I often feel trapped by my job.
The organizer in me knows I’m not doing enough to address the root causes of oppression; that my sheer existence assuages the liberal guilt associated with tech. On the other hand, I offer a slightly more level playing field: a voice for the people who are always spoken over in a meeting, passed over for a promotion, invited for an interview. I am making the workplace a little better for queer people of color like me.
So. How do I reconcile years studying the pernicious effects of racial capitalism, only to become a part of the machine that disenfranchises my community? How do I reconcile fighting how tech harms people with taking its paychecks? How do I reconcile a lifetime spent hating tech with seeing an actual billionaire face to face? The short answer: I don’t.
For two years I have agonized over my involvement with tech. I have sat with and opened myself up to the harm that I’ve caused. I do not write myself off as privileged, or denigrate myself as powerless within late capitalism. Both are reductive ways to dismiss how power actually operates. Instead, I’ve asked myself: How do we appreciate that we can both have agency and be disempowered? How can we be gripped by our complicity? Moved by it?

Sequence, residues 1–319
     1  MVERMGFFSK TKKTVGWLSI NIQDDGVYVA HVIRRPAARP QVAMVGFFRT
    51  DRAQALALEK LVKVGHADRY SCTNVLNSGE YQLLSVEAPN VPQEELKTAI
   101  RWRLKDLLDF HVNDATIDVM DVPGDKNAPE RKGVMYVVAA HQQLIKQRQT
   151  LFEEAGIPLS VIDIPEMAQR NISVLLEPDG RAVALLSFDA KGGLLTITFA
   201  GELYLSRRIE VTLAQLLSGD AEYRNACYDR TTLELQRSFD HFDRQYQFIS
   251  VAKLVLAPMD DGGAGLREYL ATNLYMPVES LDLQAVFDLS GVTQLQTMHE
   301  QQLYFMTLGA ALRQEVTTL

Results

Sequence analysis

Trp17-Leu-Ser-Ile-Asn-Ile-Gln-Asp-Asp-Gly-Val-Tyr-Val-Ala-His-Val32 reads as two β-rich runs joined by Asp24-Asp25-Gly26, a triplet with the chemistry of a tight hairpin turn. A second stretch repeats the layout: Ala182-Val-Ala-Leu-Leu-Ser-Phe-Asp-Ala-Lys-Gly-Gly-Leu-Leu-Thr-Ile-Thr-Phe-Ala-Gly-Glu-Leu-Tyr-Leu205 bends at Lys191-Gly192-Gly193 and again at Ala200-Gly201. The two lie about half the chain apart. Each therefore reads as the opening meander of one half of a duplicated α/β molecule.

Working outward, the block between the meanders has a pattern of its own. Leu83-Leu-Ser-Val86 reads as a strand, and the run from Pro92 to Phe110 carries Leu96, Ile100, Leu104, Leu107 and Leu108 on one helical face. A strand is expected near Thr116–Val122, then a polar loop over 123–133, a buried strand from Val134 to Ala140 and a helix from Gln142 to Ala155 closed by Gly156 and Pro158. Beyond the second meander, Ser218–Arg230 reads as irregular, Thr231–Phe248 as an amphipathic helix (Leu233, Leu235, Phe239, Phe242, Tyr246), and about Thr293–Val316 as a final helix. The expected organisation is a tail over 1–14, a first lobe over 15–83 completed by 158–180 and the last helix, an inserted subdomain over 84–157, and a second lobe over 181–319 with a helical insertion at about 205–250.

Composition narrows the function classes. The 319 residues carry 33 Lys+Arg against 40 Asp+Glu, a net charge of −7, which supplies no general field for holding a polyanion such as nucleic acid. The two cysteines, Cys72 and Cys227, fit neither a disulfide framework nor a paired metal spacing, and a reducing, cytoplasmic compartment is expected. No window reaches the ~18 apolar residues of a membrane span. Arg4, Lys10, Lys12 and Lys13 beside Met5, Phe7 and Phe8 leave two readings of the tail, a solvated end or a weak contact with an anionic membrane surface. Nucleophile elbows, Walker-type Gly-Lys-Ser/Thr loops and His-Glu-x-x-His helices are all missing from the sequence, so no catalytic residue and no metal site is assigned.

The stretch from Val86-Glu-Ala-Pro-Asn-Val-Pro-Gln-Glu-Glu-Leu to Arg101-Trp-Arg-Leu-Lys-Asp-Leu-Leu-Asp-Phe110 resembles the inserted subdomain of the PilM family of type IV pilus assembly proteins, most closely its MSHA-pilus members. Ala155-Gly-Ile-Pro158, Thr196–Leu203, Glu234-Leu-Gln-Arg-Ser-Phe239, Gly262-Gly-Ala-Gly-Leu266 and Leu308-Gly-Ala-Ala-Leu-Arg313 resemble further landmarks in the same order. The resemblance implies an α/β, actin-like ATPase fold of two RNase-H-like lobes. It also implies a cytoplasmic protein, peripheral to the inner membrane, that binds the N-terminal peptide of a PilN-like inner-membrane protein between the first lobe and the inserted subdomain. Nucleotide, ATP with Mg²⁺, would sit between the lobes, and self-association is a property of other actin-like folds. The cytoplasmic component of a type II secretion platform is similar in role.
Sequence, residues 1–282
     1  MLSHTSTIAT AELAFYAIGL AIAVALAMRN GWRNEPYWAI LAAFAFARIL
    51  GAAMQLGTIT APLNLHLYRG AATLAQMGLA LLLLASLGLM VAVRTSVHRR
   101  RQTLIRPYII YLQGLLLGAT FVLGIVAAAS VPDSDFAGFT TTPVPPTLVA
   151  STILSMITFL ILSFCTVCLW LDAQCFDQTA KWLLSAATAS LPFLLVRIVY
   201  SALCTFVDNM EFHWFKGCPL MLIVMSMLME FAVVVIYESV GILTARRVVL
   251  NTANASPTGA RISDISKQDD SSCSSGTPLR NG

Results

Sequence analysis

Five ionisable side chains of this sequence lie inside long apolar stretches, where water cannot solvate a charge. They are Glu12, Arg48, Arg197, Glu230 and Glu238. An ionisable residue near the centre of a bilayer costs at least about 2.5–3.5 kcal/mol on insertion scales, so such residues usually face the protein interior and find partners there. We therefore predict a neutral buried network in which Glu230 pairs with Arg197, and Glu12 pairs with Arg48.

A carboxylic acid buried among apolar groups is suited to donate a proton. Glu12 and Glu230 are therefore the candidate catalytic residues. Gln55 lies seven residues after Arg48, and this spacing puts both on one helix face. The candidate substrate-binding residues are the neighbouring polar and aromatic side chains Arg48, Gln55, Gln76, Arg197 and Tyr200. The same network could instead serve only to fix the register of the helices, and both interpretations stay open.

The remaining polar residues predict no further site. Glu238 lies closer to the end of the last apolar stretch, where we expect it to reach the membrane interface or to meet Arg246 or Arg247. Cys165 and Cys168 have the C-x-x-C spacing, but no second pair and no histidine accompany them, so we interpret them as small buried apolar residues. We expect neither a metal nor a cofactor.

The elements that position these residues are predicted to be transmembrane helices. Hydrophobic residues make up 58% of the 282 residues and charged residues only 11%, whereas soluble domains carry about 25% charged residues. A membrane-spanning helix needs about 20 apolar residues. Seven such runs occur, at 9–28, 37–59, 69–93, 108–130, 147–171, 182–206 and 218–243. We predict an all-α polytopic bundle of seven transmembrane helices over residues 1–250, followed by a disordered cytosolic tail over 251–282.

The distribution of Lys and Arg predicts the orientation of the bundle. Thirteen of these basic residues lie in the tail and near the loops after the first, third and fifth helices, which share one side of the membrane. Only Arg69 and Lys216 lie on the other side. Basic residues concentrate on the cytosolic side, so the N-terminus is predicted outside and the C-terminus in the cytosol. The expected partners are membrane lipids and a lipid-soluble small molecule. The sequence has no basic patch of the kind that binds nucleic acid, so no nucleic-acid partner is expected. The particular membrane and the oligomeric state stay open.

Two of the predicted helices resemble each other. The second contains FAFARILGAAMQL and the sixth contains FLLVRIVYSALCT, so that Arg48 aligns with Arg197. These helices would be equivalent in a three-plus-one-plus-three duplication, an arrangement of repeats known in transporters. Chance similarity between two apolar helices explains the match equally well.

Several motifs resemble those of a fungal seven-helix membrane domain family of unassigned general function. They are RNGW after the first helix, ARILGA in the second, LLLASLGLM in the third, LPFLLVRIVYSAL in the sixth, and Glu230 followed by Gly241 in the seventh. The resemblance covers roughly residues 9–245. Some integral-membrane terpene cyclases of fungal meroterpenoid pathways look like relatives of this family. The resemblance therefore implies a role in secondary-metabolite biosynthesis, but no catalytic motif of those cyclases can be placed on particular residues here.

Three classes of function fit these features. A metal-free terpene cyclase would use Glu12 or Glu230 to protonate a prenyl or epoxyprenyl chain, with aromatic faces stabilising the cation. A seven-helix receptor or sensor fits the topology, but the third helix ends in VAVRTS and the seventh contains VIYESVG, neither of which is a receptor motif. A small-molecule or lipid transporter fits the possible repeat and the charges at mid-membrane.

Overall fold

We need to agonize collectively.
My professional life is full of very personal and very political heartbreaks. But I’m certain this is the way it needs to be. Protracted contemplation of our values and our role is the only effective way to engage with something so incredibly immoral. Judith Butler says that our capacity to commit violence, endure it, and be vulnerable to it opens us up to each other. She says that this is what constitutes a political community.
Two years ago, around the start of my work in tech, I facilitated an anti-Blackness in Asian American communities workshop. Afterward, someone came up to ask me some questions. We had a series of conversations. She wanted to bring me in to train her tech company, but leadership turned her down. For about a year, she contemplated her role at her organization and whether it made sense for her. Then, she quit. Later, I received an email asking if I could plug her in to social justice work. She still doesn’t work in tech.
To you reading this: don’t think of this as a call to action, but a call for reflection.
I am asking you and all of us to collectively, perhaps laboriously, agonize over our personal stake in an industry that allows bodies to be broken, that shreds the fabric of truth for profit, that decides over and over again that certain people simply don’t matter. I want us to agonize because there may not be a responsible way to live in a world like this and that’s something we all need to acknowledge if we’re going to create meaningful change.